Communicate the values that underpin your team’s culture and the behaviors that align with those values. It will let your team members know exactly what success looks like and have something clear to strive for on a day-to-day basis.


3. Excessive focusing on the behavioral factor

Often focusing solely on behavior can have a negative effect. Some years ago the focus used to be solely on behavior and tangible activity when it came to driving performance at work.

Certain behavior is associated with a strong performance. It would be a leader’s responsibility to instill these behaviors within their teams. However, simply enforcing this behavior onto the team is not the most effective mean of driving performance. Instead, building a high-performance team requires focusing on the culture that underpins everything else within your company. 


4. A lack of accountability

When it comes to sales and revenue targets, you need to have the same level of accountability when it comes to implementing a team culture. Try to find out the best company accountability frameworks line up with your new desire to focus on culture. Making sure people’s KPIs include the element of culture and behavior.


5. The weak role of the leader

Leadership is the essential factor of success for any company that strives to change and build the culture going to need to grow in the future. This behavior’s role modeling will make it easier for others to recognize opportunities for them to change and grow.

If other leaders within your company are not setting shining examples of the team culture, it will be difficult to expect more junior employees to be on board.


6. Team members’ isolation

Remote work can make certain team members feel isolated even despite your best efforts to bring your team together. 

People may participate in all work meetings and check off all of the project tasks, for example, using convenient Kanban boards. However, they may not feel that they are being heard or growing within the company. The best way to deal with this is to create a very clear path for them and make them feel an important part of the team.


7. Poor training

Pandemic conditions make it difficult to impart the training to your remote employees. A great amount of information exchange takes place in an office, in passing. Training the remote workforce might become difficult, even with the help of powerful collaboration software. A key is to always structure an ongoing series of training sessions so that gradually, you are able to guide your remote team in the right direction.


How to Improve Team Culture?

Whatever pitfalls you face, there are some ways you can choose to begin building a great team culture today. Here’re some useful tips:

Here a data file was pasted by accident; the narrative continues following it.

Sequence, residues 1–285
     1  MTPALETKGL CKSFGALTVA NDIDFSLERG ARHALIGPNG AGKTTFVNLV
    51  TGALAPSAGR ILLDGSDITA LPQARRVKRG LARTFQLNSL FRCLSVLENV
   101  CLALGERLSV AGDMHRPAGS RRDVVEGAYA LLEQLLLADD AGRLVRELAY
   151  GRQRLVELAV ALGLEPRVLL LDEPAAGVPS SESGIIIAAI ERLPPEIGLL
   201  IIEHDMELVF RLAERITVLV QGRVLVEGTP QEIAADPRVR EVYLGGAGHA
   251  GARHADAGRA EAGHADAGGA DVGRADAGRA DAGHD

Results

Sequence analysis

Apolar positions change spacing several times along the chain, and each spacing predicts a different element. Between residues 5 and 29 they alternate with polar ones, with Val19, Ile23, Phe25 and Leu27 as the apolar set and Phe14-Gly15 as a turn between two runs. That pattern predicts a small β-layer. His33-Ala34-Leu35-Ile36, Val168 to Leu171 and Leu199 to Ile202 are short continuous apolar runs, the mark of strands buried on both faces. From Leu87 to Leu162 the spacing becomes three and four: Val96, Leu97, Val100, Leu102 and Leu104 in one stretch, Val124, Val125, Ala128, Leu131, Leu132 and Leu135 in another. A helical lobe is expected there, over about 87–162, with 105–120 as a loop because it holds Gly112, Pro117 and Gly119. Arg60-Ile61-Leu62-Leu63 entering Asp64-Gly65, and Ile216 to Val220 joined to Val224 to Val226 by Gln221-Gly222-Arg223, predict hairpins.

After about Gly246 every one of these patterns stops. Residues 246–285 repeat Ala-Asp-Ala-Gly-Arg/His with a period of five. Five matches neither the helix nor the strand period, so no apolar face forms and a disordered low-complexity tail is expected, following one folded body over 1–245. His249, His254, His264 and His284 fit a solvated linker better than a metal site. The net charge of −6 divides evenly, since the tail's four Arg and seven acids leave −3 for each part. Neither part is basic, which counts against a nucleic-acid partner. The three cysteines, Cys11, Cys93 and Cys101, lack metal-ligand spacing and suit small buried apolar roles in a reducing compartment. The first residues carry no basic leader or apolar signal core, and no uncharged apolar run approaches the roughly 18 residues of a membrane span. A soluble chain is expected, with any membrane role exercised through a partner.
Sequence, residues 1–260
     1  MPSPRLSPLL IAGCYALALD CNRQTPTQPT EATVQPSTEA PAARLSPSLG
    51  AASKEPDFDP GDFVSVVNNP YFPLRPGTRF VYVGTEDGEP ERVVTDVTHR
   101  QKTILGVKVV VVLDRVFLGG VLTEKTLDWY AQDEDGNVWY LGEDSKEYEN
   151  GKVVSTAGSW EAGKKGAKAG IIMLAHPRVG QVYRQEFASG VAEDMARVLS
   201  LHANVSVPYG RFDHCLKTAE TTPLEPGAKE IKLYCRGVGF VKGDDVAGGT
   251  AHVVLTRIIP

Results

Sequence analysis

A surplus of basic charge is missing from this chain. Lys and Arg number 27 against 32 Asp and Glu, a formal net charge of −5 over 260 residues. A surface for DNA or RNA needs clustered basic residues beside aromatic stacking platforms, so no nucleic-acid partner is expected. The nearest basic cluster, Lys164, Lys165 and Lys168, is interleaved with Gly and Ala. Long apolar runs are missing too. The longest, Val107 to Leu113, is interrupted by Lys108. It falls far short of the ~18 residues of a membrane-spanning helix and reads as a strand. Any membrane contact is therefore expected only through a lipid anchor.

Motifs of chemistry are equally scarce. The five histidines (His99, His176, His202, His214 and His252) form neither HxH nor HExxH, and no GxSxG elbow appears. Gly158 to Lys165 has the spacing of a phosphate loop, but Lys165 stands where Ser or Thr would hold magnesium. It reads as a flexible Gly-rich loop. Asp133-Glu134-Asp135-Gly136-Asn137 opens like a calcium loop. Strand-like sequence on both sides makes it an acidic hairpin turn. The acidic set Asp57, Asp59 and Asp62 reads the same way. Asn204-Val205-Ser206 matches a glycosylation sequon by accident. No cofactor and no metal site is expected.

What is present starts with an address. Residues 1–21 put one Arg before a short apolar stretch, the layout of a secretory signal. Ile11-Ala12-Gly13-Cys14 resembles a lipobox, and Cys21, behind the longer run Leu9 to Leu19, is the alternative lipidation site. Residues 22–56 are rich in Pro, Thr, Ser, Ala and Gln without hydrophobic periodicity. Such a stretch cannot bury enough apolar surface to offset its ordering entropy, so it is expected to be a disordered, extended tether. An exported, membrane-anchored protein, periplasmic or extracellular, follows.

1. Create a bigger vision around your team culture. Reinforcing the bigger vision of the team is something that has to be continually improved. It cannot be said once and then forgotten. Managers need to find ways to infuse a sense of purpose for the continued team’s growth and productivity.
  2. Meet regularly. Regular meetings will make a big difference in great team culture. They will build rapport and encourage productivity. These events should focus on discussing problems and coming up with solutions.
  3. Provide feedback. Constructive feedback is a proper way to help your team continue to improve. Feedback is often more impactful if it is informal. When your colleagues trust you, they will take your suggestions to heart as they know you have their best interests in mind.
  4. Create leaders, not managers. It is about the right mentorship that is over management. Cultivating leadership plays an essential role in establishing the culture of the team. Communicate clearly, develop schedules, and teach team members how to give constructive feedback that encourages productivity.
  5. Get to know your team. Find the time to get to know the people around you. Getting to know your colleagues will strengthen the team and build a great culture. For example, encourage camaraderie by eating lunch together.
  6. Initiate a culture of learning. Promoting a culture of learning where employees are encouraged to continue expanding their skill sets is also a good idea. The expansion of online learning will make it easier because people can learn on their own time when it best suits them.



At the center of every successful team culture, some people hold different personal cultures and belief systems. Encouraging team members constantly will bring successful business outcomes and help to build customer loyalty.

The only right way to make changes is to act as a united team. This is easier when you have a good leader.